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Nov. 10 — In an opinion that could very well be a game-changer for drug companies involved in antitrust cases challenging the legality of patent litigation settlements, a federal judge Nov. 5 ruled that a 2013 U.S. Supreme Court holding doesn't bar the door to testimony about the strength of the patent underlying a challenged settlement.
Judge Mitchell Goldberg of the U.S. District Court for the Eastern District of Pennsylvania said that the U.S. Supreme Court's ruling in FTC v. Actavis didn't preclude consideration of the strength or weakness of patents underlying the challenged settlement.
The district court's Nov. 5 ruling on what expert testimony will be allowed came in the King Drug case, which is scheduled to go to trial in early 2016. The case involves an antitrust challenge to patent settlements with reverse payments between drugmaker Cephalon Inc. and four generic drug companies over Cephalon’s flagship drug, the narcolepsy treatment Provigil (modafinil).
Reverse payments generally involve payments from branded drug companies to generic drug companies in exchange for the generic staying off the market. Underlying the challenged settlements in this case was Cephalon's U.S. Patent No. RE 37,516.
“I find that Actavis does not preclude consideration of the strength or weakness of the RE '516 patent,” Goldberg said in the opinion.
Goldberg's ruling is a big win for the defense bar, James M. Burns, an antitrust attorney in the Washington office of Baker, Donelson, Bearman, Caldwell & Berkowitz, PC, told Bloomberg BNA Nov. 10.
Eric Grannon, an antitrust attorney in the Washington office of White & Case, agreed, telling Bloomberg BNA Nov. 9 that the ruling “is an important decision that levels the playing field for drugmakers.”
The decision, he said, buttresses drugmakers' arguments that they should be allowed to present evidence that counters plaintiffs' claims that the patent underlying the settlement was weak and that the generic challengers would have prevailed in the patent litigation if the case had gone to trial.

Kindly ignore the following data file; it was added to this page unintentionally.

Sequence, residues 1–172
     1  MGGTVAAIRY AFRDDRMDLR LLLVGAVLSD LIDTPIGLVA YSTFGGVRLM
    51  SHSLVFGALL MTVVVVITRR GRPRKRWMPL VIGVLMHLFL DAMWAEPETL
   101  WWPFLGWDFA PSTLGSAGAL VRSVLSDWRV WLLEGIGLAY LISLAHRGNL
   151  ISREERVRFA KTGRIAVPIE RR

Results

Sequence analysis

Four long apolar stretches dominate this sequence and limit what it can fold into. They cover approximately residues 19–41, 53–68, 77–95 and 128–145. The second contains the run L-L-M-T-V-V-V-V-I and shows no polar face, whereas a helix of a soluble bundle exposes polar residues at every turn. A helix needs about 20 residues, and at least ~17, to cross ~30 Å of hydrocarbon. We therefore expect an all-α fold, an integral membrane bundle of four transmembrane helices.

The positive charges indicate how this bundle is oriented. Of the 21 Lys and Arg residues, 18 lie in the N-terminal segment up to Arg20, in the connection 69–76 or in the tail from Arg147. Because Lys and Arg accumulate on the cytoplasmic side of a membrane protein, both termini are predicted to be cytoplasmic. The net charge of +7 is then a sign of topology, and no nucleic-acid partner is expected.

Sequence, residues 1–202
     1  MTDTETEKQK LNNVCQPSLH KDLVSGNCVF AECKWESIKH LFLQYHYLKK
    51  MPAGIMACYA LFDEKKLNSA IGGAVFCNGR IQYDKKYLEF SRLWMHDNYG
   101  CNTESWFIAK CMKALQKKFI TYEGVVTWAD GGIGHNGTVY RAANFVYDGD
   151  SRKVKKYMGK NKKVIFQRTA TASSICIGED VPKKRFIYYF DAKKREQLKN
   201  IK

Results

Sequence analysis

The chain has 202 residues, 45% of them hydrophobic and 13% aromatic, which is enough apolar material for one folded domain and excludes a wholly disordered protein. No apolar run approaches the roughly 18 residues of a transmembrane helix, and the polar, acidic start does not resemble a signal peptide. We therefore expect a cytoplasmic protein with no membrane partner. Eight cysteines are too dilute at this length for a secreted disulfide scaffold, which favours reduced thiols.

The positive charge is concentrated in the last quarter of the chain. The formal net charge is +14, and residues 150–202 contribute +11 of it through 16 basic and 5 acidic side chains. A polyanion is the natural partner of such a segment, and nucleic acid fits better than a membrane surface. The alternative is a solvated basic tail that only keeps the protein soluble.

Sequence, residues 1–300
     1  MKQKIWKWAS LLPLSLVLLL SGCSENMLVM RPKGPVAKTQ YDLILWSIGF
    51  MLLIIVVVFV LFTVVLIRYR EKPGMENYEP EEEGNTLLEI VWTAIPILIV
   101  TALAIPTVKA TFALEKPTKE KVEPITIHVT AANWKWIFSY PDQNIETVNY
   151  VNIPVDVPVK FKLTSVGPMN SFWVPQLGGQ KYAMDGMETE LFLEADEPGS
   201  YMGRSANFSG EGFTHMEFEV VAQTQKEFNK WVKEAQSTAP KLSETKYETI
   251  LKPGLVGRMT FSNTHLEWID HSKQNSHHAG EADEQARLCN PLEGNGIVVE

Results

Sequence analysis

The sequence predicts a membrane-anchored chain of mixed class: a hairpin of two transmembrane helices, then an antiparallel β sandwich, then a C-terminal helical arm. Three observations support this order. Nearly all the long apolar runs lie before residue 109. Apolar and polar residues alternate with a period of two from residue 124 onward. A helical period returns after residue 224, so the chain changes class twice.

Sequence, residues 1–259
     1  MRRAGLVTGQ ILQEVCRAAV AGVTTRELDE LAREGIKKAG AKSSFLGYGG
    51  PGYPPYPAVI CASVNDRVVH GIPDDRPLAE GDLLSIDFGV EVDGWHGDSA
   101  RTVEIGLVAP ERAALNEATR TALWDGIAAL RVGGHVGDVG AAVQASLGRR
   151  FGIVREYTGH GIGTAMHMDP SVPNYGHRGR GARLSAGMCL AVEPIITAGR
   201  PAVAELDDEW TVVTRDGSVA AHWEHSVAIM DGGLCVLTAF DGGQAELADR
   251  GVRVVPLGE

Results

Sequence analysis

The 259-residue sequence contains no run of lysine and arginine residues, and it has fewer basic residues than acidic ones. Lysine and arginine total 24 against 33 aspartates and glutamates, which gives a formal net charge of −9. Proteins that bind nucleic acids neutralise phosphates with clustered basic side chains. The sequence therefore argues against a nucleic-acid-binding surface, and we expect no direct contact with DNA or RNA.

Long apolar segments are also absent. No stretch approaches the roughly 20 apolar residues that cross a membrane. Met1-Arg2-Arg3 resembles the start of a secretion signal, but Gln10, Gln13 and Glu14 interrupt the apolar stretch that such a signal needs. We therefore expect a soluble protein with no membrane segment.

But Joseph R. Saveri, founder of the Joseph Saveri Law Firm in San Francisco, who represents plaintiffs in antitrust cases, disagreed with the notion that the ruling is a game changer.
In a Nov. 10 e-mail to Bloomberg BNA, Saveri said that the ruling needs to be read in context.
Plaintiffs in the case had moved for a blanket ruling that any evidence offered to establish the strength of the defendants’ patent position in the Hatch-Waxman paragraph IV litigation should be excluded, Saveri said, and the judge said “no” to the blanket challenge.
The judge, Saveri said, indicated in the ruling that evidence regarding the weakness of the patent will be admissible under the rule-of-reason analysis as evidence that the payments were made to keep the generic defendants off of the market. The judge then ruled that the defendants would have an opportunity to rebut that evidence, he said.
“To me, that is an unremarkable ruling,” Saveri told Bloomberg BNA.
In FTC v. Actavis, the Supreme Court held that large and unjustified payments made by the brand-name drug patent holder to the alleged generic patent infringer to settle litigation will subject the settlement to antitrust scrutiny under the rule of reason.
But the Actavis opinion left open the question of whether the strength of the underlying patent is relevant to the antitrust analysis in reverse payments cases. Goldberg's ruling says that the underlying patent is indeed relevant.